James Hampton, MCI UK director of operations, sees the 365 engagement opportunities as a way for Associations to diversify their revenue streams and add some element of security during these times.

He said: “We are adopting a hybrid mentality with our clients’ association events as we wish to keep the door open to the new audiences we gained during the virtual editions these past two years and allow the 365 engagement possibilities through digital platforms.

“Associations themselves will need to address their value proposition and revenue streams asking themselves the question – is one source of revenue a risky business model in the new climate i.e. their annual conference. 

“We will be supporting Associations on that strategy.”

Focus on data growth

The debate over who should control attendee data was settled in 2021 – it must reside with the organiser, not the tech provider.

Upcoming research from ExpoPlatform shows the vast majority of event professionals believe planners should take responsibility.

Now the focus moves to how to take this resource and build their businesses around it.

Our industry has seen the number of data points on each participant increase by a factor of 20 since this digital transformation. 

New business models – including increased use of virtual and hybrid event technology and 365 community engagement – have created a far more information-rich environment which need to be utilised.

Unlocking the power of this data can have a transformative effect on a company’s success – and that’s where leading organisers will focus their efforts over 2022.

Getting smart about events

In-person events have become more enhanced through technology – whether it’s for registration, scheduling meetings, networking, feedback surveys or lead capturing.

Attendees expect a seamless blend of physical and digital elements for a more rewarding experience – this is what is known as a Smart Event.

It makes sense – our personal consumer habits are dominated by personalised platforms such as Netflix, Spotify or Amazon.

Paul Maerz, managing director at Fairtrade Messe, added: “When events restarted in autumn 2021, the focus of most of the organisers really went back to life events – our focus definitely did.

“Event tech will remain very relevant and we should not lose the focus on that topic because there’s so much potential in it.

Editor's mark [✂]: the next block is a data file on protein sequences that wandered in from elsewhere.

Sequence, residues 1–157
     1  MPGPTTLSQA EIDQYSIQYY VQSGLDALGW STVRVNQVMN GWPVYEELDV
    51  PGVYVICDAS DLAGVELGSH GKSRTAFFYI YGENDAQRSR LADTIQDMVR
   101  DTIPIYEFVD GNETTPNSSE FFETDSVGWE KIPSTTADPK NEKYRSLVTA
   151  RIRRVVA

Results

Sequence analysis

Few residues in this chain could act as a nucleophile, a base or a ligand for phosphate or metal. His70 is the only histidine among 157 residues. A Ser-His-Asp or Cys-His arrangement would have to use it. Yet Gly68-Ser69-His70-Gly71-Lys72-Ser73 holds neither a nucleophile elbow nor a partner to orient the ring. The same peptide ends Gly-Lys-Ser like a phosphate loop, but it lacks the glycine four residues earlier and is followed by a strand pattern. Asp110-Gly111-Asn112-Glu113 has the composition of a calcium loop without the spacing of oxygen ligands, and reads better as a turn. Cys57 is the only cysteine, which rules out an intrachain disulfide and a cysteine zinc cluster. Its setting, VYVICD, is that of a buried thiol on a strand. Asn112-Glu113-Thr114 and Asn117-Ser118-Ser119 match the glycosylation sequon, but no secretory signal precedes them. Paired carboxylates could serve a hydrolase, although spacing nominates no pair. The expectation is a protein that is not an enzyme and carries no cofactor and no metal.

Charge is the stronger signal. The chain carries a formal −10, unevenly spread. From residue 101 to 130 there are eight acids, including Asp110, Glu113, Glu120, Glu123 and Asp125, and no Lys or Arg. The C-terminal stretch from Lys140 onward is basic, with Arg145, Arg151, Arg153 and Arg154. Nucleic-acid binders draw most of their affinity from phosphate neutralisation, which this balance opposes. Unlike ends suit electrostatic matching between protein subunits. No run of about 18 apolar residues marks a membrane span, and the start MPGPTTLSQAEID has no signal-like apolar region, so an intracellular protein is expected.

“We should keep the momentum even though we can deliver live events once again.

“Of course we prefer to do that, but we should focus on what we have achieved and continue on that journey.”

Continued uncertainty

We all hoped and believed we wouldn’t be in this position in 2022, but the pandemic isn’t going away soon.

Governments such as the UK and Germany have introduced stricter safety measures as the highly infectious variant gathers pace around the world – with no clear end in sight.

Organisers have now started to wearily cancel and postpone Q1 events until later in the year again, with some even being put on hold until 2023.

High-profile shows impacted include BOE International, Furniture China, Tefaf Maastricht, Toronto Boat Show, Embedded World 2022 Exhibition and Conference and Agritechnica 2022.

The continuation of this uncertainty is one which needs a business model which is flexible.

Matthias Tesi Baur, founder of ETT-Club, has set out two scenarios that will impact how event professionals should move forward over the next 12 months.

He said: “In the best case scenario, the pandemic situation becomes more under control and shows have the security to reopen and stay open in most regions across the world. 

“That would allow us to start the journey of recovery which means we still have 60% to 80% of enthusiastic exhibitors and visitors who love to meet again as they have really missed a F2F platform. 

“We would need to work hard to grow the shows back to the old level and bring back the missing 20%-40% of our customers.

“That will require a grow-back strategy with new USPs, new onsite formats, new digital beyond-show benefits and more.”